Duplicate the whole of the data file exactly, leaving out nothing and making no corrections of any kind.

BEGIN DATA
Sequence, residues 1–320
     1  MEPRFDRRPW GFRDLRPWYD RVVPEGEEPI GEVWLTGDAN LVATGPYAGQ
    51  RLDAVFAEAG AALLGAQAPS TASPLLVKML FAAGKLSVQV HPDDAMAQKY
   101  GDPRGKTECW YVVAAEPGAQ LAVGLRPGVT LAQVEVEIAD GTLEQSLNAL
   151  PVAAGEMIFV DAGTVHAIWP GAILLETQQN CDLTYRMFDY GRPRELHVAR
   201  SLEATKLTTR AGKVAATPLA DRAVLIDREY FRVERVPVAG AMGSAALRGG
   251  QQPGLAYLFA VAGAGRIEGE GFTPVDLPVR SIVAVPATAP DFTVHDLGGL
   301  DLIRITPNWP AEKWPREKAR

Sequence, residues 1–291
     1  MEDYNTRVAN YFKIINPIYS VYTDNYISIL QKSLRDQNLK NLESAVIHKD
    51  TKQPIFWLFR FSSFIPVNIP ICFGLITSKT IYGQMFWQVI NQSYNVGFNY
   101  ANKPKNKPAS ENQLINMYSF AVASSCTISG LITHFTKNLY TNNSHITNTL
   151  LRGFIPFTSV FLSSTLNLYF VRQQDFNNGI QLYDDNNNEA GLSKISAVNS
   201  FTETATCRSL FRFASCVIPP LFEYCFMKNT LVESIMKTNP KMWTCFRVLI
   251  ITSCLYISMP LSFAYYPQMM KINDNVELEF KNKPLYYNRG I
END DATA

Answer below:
Sequence, residues 1–320
     1  MEPRFDRRPW GFRDLRPWYD RVVPEGEEPI GEVWLTGDAN LVATGPYAGQ
    51  RLDAVFAEAG AALLGAQAPS TASPLLVKML FAAGKLSVQV HPDDAMAQKY
   101  GDPRGKTECW YVVAAEPGAQ LAVGLRPGVT LAQVEVEIAD GTLEQSLNAL
   151  PVAAGEMIFV DAGTVHAIWP GAILLETQQN CDLTYRMFDY GRPRELHVAR
   201  SLEATKLTTR AGKVAATPLA DRAVLIDREY FRVERVPVAG AMGSAALRGG
   251  QQPGLAYLFA VAGAGRIEGE GFTPVDLPVR SIVAVPATAP DFTVHDLGGL
   301  DLIRITPNWP AEKWPREKAR

Sequence, residues 1–291
     1  MEDYNTRVAN YFKIINPIYS VYTDNYISIL QKSLRDQNLK NLESAVIHKD
    51  TKQPIFWLFR FSSFIPVNIP ICFGLITSKT IYGQMFWQVI NQSYNVGFNY
   101  ANKPKNKPAS ENQLINMYSF AVASSCTISG LITHFTKNLY TNNSHITNTL
   151  LRGFIPFTSV FLSSTLNLYF VRQQDFNNGI QLYDDNNNEA GLSKISAVNS
   201  FTETATCRSL FRFASCVIPP LFEYCFMKNT LVESIMKTNP KMWTCFRVLI
   251  ITSCLYISMP LSFAYYPQMM KINDNVELEF KNKPLYYNRG I